Mutations in LZTR1 drive human disease by dysregulating RAS ubiquitination

Mutations in LZTR1 drive human disease by dysregulating RAS ubiquitination

Mutations in RAS proteins initiate many of the most aggressive tumors, and the search for pharmacological inhibitors of these proteins has become a priority in the battle against cancer. Researchers have identified LZTR1 as an evolutionarily conserved component of the RAS pathway.

Multiple genetic studies overwhelmingly point out for the role of LZTR1 in a wide range of human disorders, such as Noonan Syndrome (a genetic disease), liver cancer, childhood cancer, and Schwannoma, a benign tumor that affects nerves. The researchers found that LZTR1 contributes to human diseases by acting as a part of the ubiquitin ligase complex that mediates conjugation of ubiquitin to RAS proteins. This conjugation reduces RAS recruitment to the membrane and thus its activation and downstream signalling.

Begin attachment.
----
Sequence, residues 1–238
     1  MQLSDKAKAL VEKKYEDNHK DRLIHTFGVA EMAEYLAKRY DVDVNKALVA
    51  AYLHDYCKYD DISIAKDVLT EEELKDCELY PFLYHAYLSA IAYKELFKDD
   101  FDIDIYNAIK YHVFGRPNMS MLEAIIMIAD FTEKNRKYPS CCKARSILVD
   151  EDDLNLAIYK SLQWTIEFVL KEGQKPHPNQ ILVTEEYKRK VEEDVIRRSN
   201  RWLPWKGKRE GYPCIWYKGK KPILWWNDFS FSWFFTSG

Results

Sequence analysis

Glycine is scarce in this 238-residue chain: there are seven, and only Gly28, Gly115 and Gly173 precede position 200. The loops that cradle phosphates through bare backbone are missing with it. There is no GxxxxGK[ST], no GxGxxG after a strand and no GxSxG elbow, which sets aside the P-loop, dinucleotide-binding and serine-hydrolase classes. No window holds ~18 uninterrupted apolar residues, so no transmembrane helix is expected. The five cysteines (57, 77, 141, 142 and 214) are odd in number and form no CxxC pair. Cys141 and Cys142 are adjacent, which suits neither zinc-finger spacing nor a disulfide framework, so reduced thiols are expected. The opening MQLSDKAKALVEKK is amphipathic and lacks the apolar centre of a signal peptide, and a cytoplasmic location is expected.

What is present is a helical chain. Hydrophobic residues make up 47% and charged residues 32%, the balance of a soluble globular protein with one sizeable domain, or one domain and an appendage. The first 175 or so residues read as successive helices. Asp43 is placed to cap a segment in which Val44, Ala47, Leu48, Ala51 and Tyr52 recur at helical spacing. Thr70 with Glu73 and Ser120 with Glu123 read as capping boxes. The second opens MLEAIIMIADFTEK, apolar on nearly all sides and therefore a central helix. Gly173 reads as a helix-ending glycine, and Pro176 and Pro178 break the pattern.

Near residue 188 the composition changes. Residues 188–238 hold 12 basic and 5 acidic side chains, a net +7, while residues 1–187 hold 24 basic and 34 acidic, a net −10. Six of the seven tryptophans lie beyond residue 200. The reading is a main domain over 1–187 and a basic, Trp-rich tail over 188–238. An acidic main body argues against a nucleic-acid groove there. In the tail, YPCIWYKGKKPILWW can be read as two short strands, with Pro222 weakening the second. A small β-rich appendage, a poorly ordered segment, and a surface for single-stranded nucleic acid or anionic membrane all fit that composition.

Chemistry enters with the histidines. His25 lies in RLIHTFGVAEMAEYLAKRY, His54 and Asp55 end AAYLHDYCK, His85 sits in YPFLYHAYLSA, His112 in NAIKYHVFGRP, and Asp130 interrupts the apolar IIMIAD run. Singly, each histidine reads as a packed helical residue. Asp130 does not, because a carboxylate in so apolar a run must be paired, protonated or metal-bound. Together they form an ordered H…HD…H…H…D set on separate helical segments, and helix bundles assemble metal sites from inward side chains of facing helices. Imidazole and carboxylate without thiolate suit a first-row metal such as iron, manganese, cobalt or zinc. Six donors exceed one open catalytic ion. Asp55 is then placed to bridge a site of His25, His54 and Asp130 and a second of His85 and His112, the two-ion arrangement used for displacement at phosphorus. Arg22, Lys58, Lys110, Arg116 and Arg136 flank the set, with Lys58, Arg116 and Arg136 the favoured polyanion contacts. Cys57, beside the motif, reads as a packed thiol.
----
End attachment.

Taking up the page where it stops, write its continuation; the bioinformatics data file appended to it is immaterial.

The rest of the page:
By trapping LZTR1 complexes from intact mammalian cells, authors identified the guanosine triphosphatase RAS as a substrate for the LZTR1-CUL3 complex. Ubiquitome analysis showed that loss of Lztr1 abrogated Ras ubiquitination at lysine 170. LZTR1-mediated ubiquitination inhibited RAS signaling by attenuating its association with the membrane.
Disease-associated LZTR1 mutations disrupted either LZTR1-CUL3 complex formation, or its interaction with RAS proteins. RAS regulation by LZTR1-mediated ubiquitination provides an explanation for the role of LZTR1 in human disease.
Senior author said: "Despite of constant and exhaustive efforts to characterize RAS proteins, LZTR1 is the first novel RAS regulator, implicated in human diseases, that has been identified since years. We hope that the discovery of this alternative mechanism of RAS regulation will lead toward novel therapeutic approaches for RAS-driven diseases."